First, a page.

Discrimination Against Employing Muslims is Deep Rooted in Private FirmsHari Krishna Exports, a diamond exporting firm in Mumbai, has stirred a hornetÃ¢â¬â¢s nest by refusing to entertain a Muslim candidateÃ¢â¬â¢s application for a job it advertised saying that it hired only non-Muslim candidates. It has also brought out in the open deep seated distrust that some have against the largest minority in the country. It is also against the law of the land which does not allow one to discriminate between citizens on the basis of caste, creed, community or religion. But this law is just on paper. In reality, most privately owned firms and companies just do not reply to candidates not belonging to their preferred caste, creed, community or religion. This way, they do not break the law in letter and no one can haul them up for it. Should religion be a factor in deciding who will work for your company? Or shouldnÃ¢â¬â¢t education, experience and capability be the criteria? Although no such case has come to light in professionally managed and large corporates, small privately owned companies and firms are usually very selective in whom they call for job interviews. One has come across jewelers advertising for sales staff with the catch line Ã¢â¬ÅMarwari or Gujarati candidates with good references preferred.Ã¢â¬Â But it is the first time such blatant discrimination has been so bluntly communicated to a candidate in black and white. Hari Krishna Exports has tried to downplay the issue by saying that it was an error on part of a trainee, but it does not carry much conviction. If a survey were to be carried out of privately owned Hindu firms and small companies, it will show that apart from the shop floor, a negligible number of Muslims are employed in such firms and companies. The reverse might be true for firms and companies owned by Muslims. They also do not employ Hindus in key positions. Does this mean that when Indians run a family business, they are more comfortable employing their Ã¢â¬ÅownÃ¢â¬Â people. Let us break this down further. Among the Marwaris, there are three categories: Agarwals, Maheshwaris and Oswals. It is generally seen that each category gives preference to its own when it comes to employing people in the top hierarchy. When we were young, we never found any Muslims employed in positions that made them come in direct contact with family members in our family or in the families of any relatives and friends. Our only contact with Muslims then was in schools, clubs and restaurants and tailors and barbers. My immediate family was not so restrictive, as our family physician was an affable Muslim. We were like family and invited each other for all functions in our families. Maybe this was because my ancestors had crossed over from the erstwhile East Pakistan Ã¢â¬" where they were in constant business and social touch with Muslims - in 1950. I remember the first time one of my brothers-in-law (now deceased) employed a Muslim chauffer, he was the subject of intense family scrutiny. But he, bless his soul, stuck to his decision and later employed one more. The discrimination even found place in the way Muslims did business. For example, the community largely controls the wholesale fruit trade in Kolkata. But they had little or no presence in the retail markets. Fruit vendors are spread across Kolkata pavements as itinerant hawkers. Apart from a few Muslim dominated localities, it was difficult to spot Muslim fruit sellers even 15 years back. But times are changing. Now, Muslim vendors dominate the retail trade too. One can find them selling their wares on the pavements in solidly conservative Hindu dominated localities and they do not suffer for want of custom. In fashion retail, in small stores, Muslim boys and girls are now being employed in large numbers, although it is disturbing to note that they feel the need to change their names to the ubiquitous Pappu or Raju. The kind of discrimination shown by Hari Krishna Exports still runs deep, but winds of change are blowing. Muslims form nearly 18 percent of our population and are highly skilled in several trades and crafts. Every Hindu bride that does the round of the sacred pyre at her wedding is clad in a lehnga that must have been toiled over by many a Muslim craftsman to give it its dazzling look. Muslims boys and girls are competing with the best in the country to become engineers, chartered accountants, lawyers, doctors, MBAÃ¢â¬â¢s, IAS and IPS officers and the like. It is in the interest of the majority community to embrace them as dedicated employees who can take their businesses to another level. Maybe people with a mental block cannot see the incongruity of sitting before a laptop and deciding on employees on the basis of caste, creed, community and religion. The sooner they realize their folly, the better for the unity and progress of India.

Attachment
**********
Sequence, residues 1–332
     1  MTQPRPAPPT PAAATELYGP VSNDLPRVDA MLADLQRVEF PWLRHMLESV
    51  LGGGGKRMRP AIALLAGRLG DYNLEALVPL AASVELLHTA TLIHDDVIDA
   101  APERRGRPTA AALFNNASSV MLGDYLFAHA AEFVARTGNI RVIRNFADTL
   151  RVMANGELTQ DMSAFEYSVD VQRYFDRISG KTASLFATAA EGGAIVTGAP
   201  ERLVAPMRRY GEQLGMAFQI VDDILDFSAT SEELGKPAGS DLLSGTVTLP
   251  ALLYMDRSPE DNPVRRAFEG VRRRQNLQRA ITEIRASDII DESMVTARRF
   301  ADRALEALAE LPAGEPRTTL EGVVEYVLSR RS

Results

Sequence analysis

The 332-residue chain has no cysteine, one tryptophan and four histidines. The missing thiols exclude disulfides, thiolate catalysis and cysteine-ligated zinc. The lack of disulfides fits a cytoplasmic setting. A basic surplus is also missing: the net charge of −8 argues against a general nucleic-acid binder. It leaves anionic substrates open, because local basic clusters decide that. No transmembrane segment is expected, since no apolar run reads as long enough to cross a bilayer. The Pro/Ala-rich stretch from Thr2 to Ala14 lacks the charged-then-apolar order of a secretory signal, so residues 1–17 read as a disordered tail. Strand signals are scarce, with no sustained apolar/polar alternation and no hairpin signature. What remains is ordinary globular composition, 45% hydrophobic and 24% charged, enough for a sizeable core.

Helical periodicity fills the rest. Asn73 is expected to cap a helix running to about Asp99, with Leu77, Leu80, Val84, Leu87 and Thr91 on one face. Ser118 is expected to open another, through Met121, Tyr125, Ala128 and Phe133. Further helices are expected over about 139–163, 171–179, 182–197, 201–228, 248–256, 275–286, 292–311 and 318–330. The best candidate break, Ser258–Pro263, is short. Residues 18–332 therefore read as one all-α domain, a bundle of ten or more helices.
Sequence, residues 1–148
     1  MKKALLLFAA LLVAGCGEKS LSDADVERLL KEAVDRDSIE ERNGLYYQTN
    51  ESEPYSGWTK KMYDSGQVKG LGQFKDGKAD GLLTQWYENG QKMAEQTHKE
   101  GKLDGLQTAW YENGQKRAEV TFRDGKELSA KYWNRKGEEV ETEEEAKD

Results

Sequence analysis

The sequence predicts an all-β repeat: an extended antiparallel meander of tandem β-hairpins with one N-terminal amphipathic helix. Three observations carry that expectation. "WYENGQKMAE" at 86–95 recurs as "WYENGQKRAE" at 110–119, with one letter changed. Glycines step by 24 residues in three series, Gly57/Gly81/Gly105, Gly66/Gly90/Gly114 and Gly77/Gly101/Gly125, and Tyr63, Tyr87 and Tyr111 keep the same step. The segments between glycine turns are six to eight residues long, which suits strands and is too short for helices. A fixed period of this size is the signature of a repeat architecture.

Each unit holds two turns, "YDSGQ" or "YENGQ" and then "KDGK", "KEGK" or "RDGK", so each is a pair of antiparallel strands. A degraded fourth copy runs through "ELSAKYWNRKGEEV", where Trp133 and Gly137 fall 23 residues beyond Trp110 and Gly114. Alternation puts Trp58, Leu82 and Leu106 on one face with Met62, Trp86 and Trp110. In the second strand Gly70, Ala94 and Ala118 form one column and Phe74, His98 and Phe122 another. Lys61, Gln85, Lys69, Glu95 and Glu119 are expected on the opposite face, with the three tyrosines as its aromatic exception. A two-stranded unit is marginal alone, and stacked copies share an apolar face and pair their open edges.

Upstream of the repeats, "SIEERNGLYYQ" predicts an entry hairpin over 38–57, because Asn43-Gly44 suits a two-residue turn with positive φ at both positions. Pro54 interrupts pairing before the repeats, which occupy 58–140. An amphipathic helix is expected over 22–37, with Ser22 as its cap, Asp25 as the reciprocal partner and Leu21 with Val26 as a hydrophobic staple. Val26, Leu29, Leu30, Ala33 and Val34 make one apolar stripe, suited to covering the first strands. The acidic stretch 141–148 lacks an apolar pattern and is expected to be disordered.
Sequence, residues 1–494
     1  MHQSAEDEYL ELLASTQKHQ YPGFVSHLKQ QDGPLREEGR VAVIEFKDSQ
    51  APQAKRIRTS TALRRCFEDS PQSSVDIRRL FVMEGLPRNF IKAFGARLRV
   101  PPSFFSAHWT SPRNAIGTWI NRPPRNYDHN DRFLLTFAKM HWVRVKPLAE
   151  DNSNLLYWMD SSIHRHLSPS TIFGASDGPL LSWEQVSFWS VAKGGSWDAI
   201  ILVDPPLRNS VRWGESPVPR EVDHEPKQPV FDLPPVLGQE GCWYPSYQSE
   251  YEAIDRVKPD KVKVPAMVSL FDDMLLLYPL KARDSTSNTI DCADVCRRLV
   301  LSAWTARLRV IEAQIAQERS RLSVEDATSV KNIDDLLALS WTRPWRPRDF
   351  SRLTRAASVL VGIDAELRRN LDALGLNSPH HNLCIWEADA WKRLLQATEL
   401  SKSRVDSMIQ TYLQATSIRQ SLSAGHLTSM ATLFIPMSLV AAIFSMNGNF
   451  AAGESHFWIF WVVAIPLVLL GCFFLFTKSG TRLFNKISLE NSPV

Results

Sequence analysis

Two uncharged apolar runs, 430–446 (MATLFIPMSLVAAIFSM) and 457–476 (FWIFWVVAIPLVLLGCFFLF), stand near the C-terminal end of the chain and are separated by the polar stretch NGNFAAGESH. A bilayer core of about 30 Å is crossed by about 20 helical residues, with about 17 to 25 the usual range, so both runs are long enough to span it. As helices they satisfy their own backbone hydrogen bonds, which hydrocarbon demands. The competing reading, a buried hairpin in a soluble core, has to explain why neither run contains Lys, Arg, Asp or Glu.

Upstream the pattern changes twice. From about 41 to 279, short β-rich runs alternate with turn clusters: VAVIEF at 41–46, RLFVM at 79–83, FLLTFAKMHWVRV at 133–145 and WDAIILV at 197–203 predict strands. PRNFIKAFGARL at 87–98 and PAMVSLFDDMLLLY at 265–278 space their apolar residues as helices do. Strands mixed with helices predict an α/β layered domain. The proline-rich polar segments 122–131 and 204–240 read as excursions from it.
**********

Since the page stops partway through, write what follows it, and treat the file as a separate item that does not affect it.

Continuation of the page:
By Sunil Garodia
By Sunil Garodia
First publised on 2015-09-23 17:37:15